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Work Costs and Nonconvex Preferences in the Estimation of Labor Supply Models

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  • Bradley T. Heim
  • Bruce D. Meyer

Abstract

We first critique the manner in which work costs have been introduced into labor supply estimation, and note the difficulty of incorporating a realistic rendering of the costs of work. We then show that, if work costs are not accounted for in the budget and time constraints in a structural labor supply model, they will be subsumed into the data generating preferences. We show that even if underlying preferences over consumption and leisure are convex, the presence of unobservable work costs can make these preferences appear nonconvex. Absent strong functional form assumptions, these work costs are not identified in data commonly used for labor supply estimation. However, we show that even if work costs cannot be separately identified, under plausible conditions, policy relevant calculations such as estimates of the effect of tax changes on labor supply and deadweight loss calculations, are not affected by the fact that estimated preferences incorporate work costs.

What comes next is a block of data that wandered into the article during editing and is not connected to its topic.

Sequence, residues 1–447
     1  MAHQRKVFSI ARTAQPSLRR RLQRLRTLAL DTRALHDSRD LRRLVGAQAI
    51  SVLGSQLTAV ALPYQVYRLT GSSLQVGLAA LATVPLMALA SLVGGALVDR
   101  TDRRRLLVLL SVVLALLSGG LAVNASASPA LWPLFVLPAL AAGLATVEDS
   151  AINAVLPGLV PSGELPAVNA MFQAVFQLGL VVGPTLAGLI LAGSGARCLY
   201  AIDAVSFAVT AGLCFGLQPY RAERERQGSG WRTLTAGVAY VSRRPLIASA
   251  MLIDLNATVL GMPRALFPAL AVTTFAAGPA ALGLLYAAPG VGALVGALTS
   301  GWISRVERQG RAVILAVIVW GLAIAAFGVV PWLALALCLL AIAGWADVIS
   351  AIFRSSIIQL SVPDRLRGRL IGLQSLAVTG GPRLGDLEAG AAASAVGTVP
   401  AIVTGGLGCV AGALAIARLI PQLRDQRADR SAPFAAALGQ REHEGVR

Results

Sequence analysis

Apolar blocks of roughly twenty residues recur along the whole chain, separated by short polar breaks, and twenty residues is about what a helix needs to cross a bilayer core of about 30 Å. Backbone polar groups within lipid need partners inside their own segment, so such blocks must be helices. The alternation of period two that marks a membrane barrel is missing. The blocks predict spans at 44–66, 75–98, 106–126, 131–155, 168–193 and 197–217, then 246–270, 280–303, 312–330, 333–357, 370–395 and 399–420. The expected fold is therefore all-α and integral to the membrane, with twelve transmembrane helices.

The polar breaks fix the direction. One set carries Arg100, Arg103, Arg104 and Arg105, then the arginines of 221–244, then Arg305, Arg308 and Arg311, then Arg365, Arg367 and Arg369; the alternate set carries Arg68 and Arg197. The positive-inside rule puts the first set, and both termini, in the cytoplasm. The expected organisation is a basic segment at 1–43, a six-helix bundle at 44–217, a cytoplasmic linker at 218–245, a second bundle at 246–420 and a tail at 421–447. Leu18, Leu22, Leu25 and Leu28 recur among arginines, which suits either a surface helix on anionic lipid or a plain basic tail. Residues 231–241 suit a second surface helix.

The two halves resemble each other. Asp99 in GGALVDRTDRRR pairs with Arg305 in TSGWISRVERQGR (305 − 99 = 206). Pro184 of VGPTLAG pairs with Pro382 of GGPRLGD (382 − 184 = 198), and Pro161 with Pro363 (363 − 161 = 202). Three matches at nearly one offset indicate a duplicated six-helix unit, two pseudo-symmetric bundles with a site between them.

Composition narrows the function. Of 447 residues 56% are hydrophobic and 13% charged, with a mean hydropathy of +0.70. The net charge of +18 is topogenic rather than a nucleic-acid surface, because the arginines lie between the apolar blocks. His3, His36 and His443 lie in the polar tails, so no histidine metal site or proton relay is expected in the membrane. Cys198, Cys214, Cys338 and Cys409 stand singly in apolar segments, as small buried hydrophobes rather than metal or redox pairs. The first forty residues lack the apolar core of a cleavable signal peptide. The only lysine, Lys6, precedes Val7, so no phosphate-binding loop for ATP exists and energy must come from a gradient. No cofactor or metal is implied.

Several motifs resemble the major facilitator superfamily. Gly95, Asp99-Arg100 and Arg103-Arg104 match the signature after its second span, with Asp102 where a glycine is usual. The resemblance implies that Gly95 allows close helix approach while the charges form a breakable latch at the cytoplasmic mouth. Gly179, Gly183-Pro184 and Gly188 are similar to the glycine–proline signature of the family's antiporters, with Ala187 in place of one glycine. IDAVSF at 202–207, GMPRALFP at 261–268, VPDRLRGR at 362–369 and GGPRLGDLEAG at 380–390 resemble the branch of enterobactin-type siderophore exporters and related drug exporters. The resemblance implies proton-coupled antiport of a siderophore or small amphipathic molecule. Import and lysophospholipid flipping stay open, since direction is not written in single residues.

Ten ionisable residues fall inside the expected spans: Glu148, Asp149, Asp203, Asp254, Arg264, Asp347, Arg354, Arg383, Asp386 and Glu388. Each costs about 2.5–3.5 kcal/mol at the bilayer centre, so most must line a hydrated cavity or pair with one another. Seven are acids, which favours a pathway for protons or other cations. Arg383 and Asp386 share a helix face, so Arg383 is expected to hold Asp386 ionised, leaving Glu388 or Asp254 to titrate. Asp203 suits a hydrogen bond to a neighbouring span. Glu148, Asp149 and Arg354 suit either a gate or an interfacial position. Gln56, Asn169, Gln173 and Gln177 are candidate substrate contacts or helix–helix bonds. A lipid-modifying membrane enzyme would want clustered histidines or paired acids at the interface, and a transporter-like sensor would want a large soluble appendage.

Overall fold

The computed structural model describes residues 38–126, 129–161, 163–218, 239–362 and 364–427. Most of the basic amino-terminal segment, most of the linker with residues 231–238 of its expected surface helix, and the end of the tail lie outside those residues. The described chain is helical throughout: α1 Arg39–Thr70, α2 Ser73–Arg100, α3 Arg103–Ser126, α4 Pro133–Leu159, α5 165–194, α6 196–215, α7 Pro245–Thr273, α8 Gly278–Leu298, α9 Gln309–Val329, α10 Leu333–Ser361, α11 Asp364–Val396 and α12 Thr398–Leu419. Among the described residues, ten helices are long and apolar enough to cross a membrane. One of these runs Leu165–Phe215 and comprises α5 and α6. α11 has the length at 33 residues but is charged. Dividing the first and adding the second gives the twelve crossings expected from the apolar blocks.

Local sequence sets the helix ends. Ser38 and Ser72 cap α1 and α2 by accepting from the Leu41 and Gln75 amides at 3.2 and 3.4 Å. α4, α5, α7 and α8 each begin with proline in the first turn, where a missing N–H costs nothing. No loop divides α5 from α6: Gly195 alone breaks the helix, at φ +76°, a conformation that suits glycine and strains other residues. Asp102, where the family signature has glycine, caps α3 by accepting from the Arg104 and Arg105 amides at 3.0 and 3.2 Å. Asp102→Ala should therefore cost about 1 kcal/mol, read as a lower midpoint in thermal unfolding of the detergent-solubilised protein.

Suggested Citation

  • Bradley T. Heim & Bruce D. Meyer, 2003. "Work Costs and Nonconvex Preferences in the Estimation of Labor Supply Models," NBER Working Papers 9429, National Bureau of Economic Research, Inc.
  • Handle: RePEc:nbr:nberwo:9429 Note: LS PE
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    Cited by:

    1. Blundell, Richard, 2006. "Earned income tax credit policies: Impact and optimality: The Adam Smith Lecture, 2005," Labour Economics, Elsevier, vol. 13(4), pages 423-443, August.
    2. Olivier Bargain & Andreas Peichl, 2016. "Own-wage labor supply elasticities: variation across time and estimation methods," IZA Journal of Labor Economics, Springer;Forschungsinstitut zur Zukunft der Arbeit GmbH (IZA), vol. 5(1), pages 1-31, December.
    3. Blomquist, Sören & Selin, Håkan, 2010. "Hourly wage rate and taxable labor income responsiveness to changes in marginal tax rates," Journal of Public Economics, Elsevier, vol. 94(11-12), pages 878-889, December.
    4. Joseph Altonji & Jennifer Oldham, 2003. "Vacation laws and annual work hours," Economic Perspectives, Federal Reserve Bank of Chicago, issue Q III, pages 19-29.
    5. Bargain, Olivier & Orsini, Kristian & Peichl, Andreas, 2011. "Labor Supply Elasticities in Europe and the US," IZA Discussion Papers 5820, Institute for the Study of Labor (IZA).
    6. Nicole Bosch & Miriam Gielen & Egbert Jongen & Mauro Mastrogiacomo (DNB & voorheen CPB), 2013. "A structural analysis of labour supply elasticities in the Netherlands," CPB Discussion Paper 235, CPB Netherlands Bureau for Economic Policy Analysis.
    7. Olivier Bargain, 2004. "On modeling household labor supply with taxation," DELTA Working Papers 2004-14, DELTA (Ecole normale supérieure).
    8. Eissa, Nada & Kleven, Henrik Jacobsen & Kreiner, Claus Thustrup, 2008. "Evaluation of four tax reforms in the United States: Labor supply and welfare effects for single mothers," Journal of Public Economics, Elsevier, vol. 92(3-4), pages 795-816, April.